The Photographer's Riddle

Have you ever taken a photograph that simply blows you away? I'm talking about a photograph that brings you to your knees. It makes you tremble with excitement and you absolutely can't wait to share it with the world. You're boiling with anticipation to see the reaction of people as they look at your photograph. And then you show it to people. The reaction is one of disinterest. People aren't interested because it doesn't move them. It's probably not because it's a bad picture, but because there is no real reason for them to get excited. Maybe they don't understand what's happening in the frame. Maybe they just don't care about the subject matter or maybe they've already seen 1000 pictures earlier in the day.

But why then did you get so overwhelmed? Why were you so convinced that this picture would be a smashing success? What even makes a picture successful?

I was thinking about this phenomenon the other day and realized that with every photograph I take, I am emotionally invested in some way. As photographers, we attach ourselves to the subject matter. We involve ourselves in the story and therefore become emotionally attached. Photographers instinctively make their imprint on every image they take. I'm not saying that's a bad thing. I think as photographers we need to interact with our environment in order to truly understand what we want to say. The tricky part is (and here's the catch) that we need to remember that our experience of actually making a picture is very personal. The picture becomes the property of the photographer once that shutter is released. No one else knows exactly what the photographer was thinking while making a photo. Only the photographer knows.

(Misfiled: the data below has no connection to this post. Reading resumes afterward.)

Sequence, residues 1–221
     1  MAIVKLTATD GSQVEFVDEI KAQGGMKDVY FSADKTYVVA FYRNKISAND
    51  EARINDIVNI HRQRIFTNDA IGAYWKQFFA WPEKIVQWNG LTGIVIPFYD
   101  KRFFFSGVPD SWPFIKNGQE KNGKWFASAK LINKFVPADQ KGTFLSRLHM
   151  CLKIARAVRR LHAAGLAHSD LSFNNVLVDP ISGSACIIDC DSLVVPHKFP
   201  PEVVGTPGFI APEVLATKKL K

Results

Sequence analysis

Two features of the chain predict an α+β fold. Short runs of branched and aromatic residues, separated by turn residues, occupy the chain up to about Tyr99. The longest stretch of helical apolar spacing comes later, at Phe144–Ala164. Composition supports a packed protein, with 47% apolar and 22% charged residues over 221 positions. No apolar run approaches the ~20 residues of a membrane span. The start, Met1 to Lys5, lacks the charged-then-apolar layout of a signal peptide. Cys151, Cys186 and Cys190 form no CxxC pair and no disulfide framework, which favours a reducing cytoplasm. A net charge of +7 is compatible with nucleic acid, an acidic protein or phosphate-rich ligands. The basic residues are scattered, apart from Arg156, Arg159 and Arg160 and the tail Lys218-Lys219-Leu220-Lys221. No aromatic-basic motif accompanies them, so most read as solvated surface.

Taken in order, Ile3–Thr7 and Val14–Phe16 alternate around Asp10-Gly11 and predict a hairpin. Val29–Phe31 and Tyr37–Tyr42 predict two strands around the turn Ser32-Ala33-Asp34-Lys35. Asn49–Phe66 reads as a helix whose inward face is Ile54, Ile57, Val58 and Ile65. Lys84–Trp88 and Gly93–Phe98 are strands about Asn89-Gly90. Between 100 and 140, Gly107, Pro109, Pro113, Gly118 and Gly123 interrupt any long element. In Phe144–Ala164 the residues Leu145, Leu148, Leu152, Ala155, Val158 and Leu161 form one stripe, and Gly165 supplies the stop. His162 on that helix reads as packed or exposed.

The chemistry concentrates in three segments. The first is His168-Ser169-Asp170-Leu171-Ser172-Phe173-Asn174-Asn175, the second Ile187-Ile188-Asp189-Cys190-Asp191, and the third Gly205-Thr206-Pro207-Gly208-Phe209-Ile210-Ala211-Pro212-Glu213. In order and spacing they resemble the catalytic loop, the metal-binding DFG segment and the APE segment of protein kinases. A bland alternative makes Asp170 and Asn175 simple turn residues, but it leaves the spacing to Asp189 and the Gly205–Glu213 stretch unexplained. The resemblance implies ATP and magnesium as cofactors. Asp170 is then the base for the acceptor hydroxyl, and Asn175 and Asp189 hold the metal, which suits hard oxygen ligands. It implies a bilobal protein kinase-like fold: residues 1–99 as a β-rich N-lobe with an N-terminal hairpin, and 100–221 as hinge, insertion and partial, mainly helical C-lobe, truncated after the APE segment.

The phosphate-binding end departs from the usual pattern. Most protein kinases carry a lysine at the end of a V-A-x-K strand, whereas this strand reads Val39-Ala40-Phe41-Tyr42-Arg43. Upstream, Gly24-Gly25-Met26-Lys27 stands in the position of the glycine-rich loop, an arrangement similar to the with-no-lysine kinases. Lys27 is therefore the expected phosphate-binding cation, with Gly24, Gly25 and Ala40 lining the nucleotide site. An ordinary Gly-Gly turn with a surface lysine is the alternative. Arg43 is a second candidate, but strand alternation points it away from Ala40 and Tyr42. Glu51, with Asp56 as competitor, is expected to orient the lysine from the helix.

And that is where the hang-up can come from. We think that everyone else is going to like our picture because we had such a profound experience making it. The truth is, our profound experiences don't always translate to the photographic form. So no matter how amazing your experience was, don't expect your audience to immediately respond in the same way. Each person will feel something completely different.

I've been rambling a bit, but I'm coming to my point. My original thought is more of a reminder to myself and it is this: When editing your photographs, do everything in your power to look at them from various perspectives. Imagine that you didn't take the picture. Imagine that you don't know the back story. Pretend that you are a child seeing everything new for the first time. And if you can't do that, ask other people to edit your work and select their favorites. Ask them why they choose what they do. And maybe, just maybe, the images they like the most will be the ones you think are the best.

And that, I think, is when you've made a successful picture. We all respond to good stories. If you can tell a great story in one frame, then your audience will inevitably want to see more.